Olivier Messaien

Olivier Messiaen was born in Avignon in 1908. He was a composer, organist and ornithologist, and one of the major French composers of the 20th century. His music is rhythmically complex and he was influenced by rhythms from ancient Greek and Hindu sources. Many of his compositions depict what he termed "the marvellous aspects of the faith", and drew on his deeply held Roman Catholicism. He was one of the first composers to use an electronic keyboard, the ondes Martenot, in an orchestral work.

Messiaen entered the Paris Conservatoire at the age of 11 and was taught by Paul Dukas, Charles-Marie Widor and Marcel Dupré, amongst others. He was appointed organist at the Église de la Sainte-Trinité in Paris in 1931, a post he held until his death. He taught at the Schola Cantorum de Paris during the 1930s. On the fall of France in 1940, Messiaen was made a prisoner of war, during which time he composed his Quatuor pour la fin du temps (Quartet for the end of time) for the four instruments available inside the concentration camp, namely piano, violin, cello and clarinet. The piece was first performed by Messiaen and fellow prisoners for an audience of inmates and prison guards. He was appointed Professor of Harmony at the Paris Conservatoire soon after his release in 1941, and Professor of Composition in 1966, positions he held until his retirement in 1978. He found birdsong fascinating, and considered himself as much an ornithologist as a composer. He notated bird songs worldwide and incorporated birdsong transcriptions into much of his music. Famous as a composer of programmatical sacred organ music (there are more than seven hours of it), and wanting to represent this not as sin and atonement, but as the joy of divine love, he wrote the substantial suites linked to the key events of Christ’s life; La Nativité, Les Corps Glorieux, and L’Ascension.

Jean Langlais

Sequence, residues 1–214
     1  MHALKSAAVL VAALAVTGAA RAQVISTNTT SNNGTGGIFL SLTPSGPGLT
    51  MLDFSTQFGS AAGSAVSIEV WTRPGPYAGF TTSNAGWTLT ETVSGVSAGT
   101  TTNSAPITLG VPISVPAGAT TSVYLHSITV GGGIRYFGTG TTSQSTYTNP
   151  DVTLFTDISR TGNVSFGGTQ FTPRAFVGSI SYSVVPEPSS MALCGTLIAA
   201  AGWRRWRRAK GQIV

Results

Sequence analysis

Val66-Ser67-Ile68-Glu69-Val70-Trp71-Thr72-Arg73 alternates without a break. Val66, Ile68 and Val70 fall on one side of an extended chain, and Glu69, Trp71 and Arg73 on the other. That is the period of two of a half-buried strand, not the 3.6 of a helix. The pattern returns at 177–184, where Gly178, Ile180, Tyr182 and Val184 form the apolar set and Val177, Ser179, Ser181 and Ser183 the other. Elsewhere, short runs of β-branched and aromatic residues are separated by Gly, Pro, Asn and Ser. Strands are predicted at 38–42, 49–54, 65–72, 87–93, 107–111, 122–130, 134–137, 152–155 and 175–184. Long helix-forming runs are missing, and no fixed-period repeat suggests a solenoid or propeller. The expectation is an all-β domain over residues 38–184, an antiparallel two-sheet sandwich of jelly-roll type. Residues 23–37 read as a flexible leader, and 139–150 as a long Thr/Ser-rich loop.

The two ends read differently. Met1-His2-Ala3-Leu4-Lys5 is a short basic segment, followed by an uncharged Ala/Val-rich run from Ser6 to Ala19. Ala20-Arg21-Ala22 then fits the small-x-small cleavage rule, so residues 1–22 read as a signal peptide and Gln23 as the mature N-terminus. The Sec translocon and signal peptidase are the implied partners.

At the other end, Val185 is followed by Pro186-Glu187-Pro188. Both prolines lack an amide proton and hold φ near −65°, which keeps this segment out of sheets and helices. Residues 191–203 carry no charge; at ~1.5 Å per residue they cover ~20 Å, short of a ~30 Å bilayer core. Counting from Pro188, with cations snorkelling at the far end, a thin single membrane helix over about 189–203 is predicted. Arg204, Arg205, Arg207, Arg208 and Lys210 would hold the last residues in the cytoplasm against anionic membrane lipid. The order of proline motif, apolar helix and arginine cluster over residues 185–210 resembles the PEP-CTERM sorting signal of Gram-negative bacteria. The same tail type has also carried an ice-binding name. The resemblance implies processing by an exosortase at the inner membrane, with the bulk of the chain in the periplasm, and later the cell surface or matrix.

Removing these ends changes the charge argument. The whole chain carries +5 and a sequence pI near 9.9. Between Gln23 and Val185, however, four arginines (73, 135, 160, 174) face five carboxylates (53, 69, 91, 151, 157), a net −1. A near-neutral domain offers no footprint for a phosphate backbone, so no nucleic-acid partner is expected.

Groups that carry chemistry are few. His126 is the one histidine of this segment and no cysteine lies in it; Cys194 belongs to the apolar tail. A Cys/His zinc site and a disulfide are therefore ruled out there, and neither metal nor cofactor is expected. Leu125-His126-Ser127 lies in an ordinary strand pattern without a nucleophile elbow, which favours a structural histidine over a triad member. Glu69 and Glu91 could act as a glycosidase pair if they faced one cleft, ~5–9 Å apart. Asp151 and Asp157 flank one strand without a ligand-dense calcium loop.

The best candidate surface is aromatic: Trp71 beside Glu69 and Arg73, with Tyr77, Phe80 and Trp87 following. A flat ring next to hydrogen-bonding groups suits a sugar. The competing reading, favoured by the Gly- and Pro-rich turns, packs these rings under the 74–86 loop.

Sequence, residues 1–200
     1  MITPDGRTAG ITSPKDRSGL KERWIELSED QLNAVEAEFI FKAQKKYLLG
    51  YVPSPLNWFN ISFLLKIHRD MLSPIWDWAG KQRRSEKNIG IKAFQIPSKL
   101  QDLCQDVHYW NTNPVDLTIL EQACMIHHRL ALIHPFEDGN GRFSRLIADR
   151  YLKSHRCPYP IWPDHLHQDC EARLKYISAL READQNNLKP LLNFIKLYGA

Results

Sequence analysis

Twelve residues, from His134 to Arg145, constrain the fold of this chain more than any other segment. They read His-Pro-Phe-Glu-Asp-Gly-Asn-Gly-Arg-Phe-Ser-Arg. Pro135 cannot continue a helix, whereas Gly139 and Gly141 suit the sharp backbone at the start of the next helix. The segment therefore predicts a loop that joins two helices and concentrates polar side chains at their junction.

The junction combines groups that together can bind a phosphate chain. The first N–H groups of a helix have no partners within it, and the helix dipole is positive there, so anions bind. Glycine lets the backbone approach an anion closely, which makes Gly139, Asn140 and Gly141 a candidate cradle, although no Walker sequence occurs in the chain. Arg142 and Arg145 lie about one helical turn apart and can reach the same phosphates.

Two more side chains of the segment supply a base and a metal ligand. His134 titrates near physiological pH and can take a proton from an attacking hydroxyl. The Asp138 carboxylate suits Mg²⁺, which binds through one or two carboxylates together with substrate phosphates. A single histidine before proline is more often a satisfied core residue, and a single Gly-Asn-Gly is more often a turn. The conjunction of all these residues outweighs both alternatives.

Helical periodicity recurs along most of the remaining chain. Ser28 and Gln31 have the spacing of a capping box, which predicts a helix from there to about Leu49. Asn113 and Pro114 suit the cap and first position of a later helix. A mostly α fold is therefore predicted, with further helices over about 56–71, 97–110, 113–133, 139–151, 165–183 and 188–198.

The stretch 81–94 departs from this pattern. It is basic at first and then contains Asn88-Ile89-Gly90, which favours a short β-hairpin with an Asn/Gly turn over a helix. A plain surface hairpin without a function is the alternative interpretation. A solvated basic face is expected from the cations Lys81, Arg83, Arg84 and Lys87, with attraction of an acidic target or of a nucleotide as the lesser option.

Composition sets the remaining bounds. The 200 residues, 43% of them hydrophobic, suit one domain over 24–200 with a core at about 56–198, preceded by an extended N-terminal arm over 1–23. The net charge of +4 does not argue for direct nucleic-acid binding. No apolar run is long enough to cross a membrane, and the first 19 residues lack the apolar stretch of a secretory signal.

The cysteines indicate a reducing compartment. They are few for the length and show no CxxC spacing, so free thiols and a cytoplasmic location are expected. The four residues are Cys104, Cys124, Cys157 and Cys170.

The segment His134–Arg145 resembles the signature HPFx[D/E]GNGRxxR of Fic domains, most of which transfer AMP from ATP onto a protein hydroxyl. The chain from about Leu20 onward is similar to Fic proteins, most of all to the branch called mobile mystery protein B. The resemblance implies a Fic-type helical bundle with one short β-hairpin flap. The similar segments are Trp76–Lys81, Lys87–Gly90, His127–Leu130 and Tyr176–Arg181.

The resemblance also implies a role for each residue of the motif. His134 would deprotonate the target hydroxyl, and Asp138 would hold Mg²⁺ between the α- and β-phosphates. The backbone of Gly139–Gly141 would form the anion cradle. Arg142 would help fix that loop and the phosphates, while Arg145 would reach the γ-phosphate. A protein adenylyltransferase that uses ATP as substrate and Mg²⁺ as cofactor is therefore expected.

Langlais was born the youngest of four into abject poverty in a small village in Brittany in 1907. Like Vierne some forty years previously, he was sent to study at the Institution des Jeunes Aveugles in Paris, having become blind at the age of 2 due to glaucoma. Here he studied piano, organ and harmony, and eventually was accepted as an organ pupil of Dupré at the Paris Conservatoire, from which he graduated with the Premier Prix in 1930. His other teachers at the Conservatoire included Dukas and Tournemire. In 1932 he won the Premiere Prix for composition and joined the teaching staff of the Institution des Jeunes Aveugles, teaching composition and organ and conducting the choir in music by Palestrina and Bach. In 1945 he followed in the footsteps of César Franck and Tournemire as organist of Ste Clotilde - a post he was to hold for 42 years. In 1952 he made the first of many visits to the USA for organ recitals and teaching; many of his compositions after this date were written for Americans and American institutions, and he gave over 300 organ recitals in the USA. Approximately a quarter of his total output is based on Gregorian themes, treated in a way similar to Duruflé’s music, with great inventiveness, polymodal harmony and countermelodies. Almost all of his music was written as an expression of his deeply-held religious faith, particularly to the Virgin Mary, although secular works include the American Suite (1959), works paying homage to Rameau and Frescobaldi, and some chamber music for string ensembles. His prodigious output includes over 300 pieces for organ – more than J.S. Bach produced. His musical language is that of a late free-tonal style with rich and complicated harmonic progressions and free flowing modulations. The Messe Solennelle was written, and first performed in Ste Clotilde, in 1949. It was the first of four settings of the mass which he made; the final one, Solemn Mass Orbis Factor, was premiered in Washington DC in 1969. Langlais died in Paris in 1991.